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30

It's called a Moiré pattern. It forms when two 'grid' patterns (loose term that could apply to geometric lines, dots, etc.) are overlaid with each other and moved. In this case, the two 'grid patterns' are the image, itself (which is geometric lines) and the pixel based screen-refresh of your screen. A similar effect is when newscasters would wear ...


20

Moiré of the pattern overlaying itself The pattern of the logo creates a surprising visual appearence of motion when it is shown on an LCD* and the view is scrolled by small fractions of the pattern size. The effect seen when scrolling the image up and down is a Moiré pattern. This kind of pattern appears when two regular line patterns overlay. The two ...


14

That’s a halftone. Halftone is the reprographic technique that simulates continuous tone imagery through the use of dots, varying either in size, in shape or in spacing, thus generating a gradient like effect. It can be achieved in Photoshop by choosing Filter → Pixelate → Color Halftone. The example you posted looks like the halftone version of the ...


11

Start with a normal Drop Shadow. Play a little with the settings (Don’t forget to use Spread). Right-click the Effect Layer and select Create Layer (Ignore any warning dialogue). Merge the new Drop Shadow layer with your white background (Or create a Smart Object from them). If you like you can tweak the shadow a little bit with Curves or Levels to make ...


11

The hatching can be achieved by using pattern.Once you create a pattern,you can control the direction of hatching as required. Below are the steps to apply hatching to your drawing (I will apply this in a simple rectangle). Create a closed path for which hatching is required(I have used a simple rectangle) Now draw a line using pen tool and convert the ...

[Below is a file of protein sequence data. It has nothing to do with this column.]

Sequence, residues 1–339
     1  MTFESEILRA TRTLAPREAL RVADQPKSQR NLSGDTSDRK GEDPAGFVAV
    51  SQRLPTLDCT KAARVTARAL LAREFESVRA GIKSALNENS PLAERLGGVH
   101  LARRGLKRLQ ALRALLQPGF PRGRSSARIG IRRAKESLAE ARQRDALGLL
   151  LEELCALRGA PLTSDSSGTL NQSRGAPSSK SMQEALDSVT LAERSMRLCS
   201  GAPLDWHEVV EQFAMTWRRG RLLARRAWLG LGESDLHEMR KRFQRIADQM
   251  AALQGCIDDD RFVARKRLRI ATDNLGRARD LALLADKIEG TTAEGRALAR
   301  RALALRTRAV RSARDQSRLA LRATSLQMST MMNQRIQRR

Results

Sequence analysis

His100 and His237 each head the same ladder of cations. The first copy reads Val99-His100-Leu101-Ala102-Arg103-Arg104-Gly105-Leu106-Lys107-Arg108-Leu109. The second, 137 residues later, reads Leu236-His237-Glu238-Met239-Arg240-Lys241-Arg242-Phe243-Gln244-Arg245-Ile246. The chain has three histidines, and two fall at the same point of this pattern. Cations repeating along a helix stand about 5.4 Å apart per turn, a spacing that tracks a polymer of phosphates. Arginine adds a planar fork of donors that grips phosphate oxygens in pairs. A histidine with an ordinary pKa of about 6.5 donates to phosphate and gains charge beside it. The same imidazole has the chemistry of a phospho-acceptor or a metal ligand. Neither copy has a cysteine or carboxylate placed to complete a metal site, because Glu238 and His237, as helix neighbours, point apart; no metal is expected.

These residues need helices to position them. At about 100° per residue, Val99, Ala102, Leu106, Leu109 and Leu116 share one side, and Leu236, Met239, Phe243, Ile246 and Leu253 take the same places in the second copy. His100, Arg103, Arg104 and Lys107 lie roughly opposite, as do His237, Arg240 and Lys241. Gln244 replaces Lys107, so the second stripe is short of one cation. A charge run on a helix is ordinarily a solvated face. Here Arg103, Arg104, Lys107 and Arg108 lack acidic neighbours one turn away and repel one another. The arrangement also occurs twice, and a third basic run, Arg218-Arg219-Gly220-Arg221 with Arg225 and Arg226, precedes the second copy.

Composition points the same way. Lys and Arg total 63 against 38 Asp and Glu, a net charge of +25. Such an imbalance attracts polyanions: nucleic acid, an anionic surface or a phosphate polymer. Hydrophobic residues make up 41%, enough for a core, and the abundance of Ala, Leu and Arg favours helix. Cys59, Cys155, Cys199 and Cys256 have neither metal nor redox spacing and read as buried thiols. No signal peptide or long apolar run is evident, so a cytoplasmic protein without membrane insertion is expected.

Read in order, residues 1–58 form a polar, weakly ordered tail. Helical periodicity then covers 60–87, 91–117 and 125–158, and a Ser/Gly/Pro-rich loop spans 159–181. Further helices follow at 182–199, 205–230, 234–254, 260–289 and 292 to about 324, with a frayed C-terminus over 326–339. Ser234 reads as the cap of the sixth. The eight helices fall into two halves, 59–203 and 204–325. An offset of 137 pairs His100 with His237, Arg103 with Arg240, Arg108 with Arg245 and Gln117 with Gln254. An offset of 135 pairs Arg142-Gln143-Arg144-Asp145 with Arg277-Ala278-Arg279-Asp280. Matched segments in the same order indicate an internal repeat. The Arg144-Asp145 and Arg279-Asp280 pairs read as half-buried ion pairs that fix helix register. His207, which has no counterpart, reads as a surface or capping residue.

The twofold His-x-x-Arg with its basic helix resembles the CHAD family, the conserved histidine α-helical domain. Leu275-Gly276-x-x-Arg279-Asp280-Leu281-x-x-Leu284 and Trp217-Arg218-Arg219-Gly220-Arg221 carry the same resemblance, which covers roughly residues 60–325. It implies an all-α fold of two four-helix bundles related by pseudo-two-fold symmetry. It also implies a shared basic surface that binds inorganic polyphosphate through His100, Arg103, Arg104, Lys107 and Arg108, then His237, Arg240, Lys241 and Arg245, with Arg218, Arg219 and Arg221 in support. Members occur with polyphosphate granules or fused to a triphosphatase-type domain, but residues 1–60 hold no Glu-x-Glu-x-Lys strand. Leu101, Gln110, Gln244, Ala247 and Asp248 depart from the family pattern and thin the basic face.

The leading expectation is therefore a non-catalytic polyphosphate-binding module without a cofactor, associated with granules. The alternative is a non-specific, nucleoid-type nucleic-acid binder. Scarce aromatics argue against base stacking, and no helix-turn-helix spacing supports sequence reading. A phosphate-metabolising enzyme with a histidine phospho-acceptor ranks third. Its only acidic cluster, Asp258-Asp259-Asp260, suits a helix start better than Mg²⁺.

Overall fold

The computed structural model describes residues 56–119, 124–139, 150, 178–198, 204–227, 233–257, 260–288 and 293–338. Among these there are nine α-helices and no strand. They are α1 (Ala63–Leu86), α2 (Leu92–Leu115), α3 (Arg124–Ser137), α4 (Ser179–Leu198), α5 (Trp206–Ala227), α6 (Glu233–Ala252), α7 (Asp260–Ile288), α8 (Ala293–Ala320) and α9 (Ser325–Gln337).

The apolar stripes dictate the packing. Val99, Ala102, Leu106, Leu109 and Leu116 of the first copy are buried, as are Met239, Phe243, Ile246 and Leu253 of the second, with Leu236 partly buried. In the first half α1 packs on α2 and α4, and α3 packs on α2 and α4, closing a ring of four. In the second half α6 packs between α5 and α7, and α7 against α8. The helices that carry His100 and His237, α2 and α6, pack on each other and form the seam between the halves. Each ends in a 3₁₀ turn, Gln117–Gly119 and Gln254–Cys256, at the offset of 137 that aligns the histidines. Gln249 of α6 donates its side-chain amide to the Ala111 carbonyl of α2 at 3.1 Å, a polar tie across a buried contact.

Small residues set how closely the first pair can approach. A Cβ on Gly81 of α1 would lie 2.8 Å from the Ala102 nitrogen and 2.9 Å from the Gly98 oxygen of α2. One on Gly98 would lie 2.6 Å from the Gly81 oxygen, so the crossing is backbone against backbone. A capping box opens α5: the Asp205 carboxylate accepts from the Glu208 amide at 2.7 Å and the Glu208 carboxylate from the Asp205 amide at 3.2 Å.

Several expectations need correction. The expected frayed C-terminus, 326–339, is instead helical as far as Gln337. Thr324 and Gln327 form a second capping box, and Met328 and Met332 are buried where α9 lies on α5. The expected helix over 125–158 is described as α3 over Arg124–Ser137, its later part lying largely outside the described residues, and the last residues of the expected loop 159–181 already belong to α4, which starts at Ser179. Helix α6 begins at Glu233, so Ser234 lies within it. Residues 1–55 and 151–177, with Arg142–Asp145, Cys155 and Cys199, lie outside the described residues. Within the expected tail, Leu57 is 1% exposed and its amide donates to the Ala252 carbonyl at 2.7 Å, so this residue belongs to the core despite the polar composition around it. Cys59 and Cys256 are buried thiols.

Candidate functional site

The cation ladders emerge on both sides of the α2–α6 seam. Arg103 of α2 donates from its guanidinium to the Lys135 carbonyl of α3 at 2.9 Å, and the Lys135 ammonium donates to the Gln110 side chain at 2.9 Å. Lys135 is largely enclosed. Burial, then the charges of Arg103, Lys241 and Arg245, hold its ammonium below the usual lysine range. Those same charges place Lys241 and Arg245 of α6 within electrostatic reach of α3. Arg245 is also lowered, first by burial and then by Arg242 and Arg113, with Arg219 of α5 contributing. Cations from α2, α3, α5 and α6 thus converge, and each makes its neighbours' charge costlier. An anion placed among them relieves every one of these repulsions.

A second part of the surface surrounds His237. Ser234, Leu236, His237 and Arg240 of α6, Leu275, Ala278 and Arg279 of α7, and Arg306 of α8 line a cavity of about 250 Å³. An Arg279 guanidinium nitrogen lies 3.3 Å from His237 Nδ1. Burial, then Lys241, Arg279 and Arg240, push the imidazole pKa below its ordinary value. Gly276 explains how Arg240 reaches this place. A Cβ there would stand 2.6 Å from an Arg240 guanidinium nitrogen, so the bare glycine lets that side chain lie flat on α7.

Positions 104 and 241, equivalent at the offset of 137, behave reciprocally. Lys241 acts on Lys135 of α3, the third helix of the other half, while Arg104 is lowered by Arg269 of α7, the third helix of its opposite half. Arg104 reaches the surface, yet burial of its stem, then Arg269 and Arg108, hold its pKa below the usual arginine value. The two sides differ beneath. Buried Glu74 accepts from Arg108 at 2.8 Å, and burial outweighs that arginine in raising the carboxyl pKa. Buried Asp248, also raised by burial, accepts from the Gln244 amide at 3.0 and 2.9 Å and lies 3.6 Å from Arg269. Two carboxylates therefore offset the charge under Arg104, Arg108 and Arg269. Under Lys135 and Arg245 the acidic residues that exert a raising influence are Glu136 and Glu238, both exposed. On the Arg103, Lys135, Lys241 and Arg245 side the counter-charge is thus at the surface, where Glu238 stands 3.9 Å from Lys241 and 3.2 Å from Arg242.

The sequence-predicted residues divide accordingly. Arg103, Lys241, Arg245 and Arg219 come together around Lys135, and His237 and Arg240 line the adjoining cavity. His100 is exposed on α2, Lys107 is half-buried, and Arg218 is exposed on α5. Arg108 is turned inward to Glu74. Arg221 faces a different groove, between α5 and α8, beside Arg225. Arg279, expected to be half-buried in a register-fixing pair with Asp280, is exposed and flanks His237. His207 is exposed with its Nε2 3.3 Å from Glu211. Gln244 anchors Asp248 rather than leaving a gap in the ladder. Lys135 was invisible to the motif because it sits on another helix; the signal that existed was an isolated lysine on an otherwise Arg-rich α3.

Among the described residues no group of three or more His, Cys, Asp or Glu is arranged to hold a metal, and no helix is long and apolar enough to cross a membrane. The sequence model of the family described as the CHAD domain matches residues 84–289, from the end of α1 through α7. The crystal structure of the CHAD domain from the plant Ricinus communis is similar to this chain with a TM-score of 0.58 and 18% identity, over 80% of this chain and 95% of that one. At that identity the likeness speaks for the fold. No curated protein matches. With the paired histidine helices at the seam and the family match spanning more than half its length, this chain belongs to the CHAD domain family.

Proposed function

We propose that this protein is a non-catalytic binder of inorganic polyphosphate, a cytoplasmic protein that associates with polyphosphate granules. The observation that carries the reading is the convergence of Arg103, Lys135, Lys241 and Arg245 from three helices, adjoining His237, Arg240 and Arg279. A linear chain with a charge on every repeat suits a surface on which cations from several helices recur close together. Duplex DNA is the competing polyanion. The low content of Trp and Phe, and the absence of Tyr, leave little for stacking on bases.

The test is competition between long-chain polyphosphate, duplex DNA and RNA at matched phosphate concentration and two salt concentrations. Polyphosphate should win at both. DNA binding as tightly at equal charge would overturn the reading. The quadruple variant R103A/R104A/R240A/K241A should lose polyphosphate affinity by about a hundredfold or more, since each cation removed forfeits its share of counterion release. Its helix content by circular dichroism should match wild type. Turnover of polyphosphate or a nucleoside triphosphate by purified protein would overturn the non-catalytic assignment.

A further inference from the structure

8

Draw a rectangle that covers the whole canvas. Make sure you have "Smart Guides" activated (View->Smart Guides or Ctrl+U) Draw a bunch of black (or any other colour) lines creating your design. The lines can intersect (encouraged) but make sure they touch each other or they touch the border of the rectangle (i.e. the border of the canvas). This is why ...


8

From an architectural standpoint try to think of these not as triangles but as surfaces. Surfaces are made up of sides. In this case these just happen to be, mostly though not entirely, triangles. Use the line tool, not the polygon tool. For a quick example here's a rough animation:


8

I found a quickish method! You had almost all of the workflow, and the 'cutout' part that you had, is what I was missing when trying at first. Starting with this image, because I couldn't find the one you're using: The longest part for me was masking out the background. You may also need to add a Black & White adjustment layer after step 2 if you're ...


8

It's called posterization (as it was a technique to allow for making posters easier via screen printing, block printing, or lithography). The most common ways to achieve it: use the 'posterize' filter in your raster image editor of choice (photoshop, pixelmator, GIMP, etc.) use a vector tracing tool (as previously mentioned)


8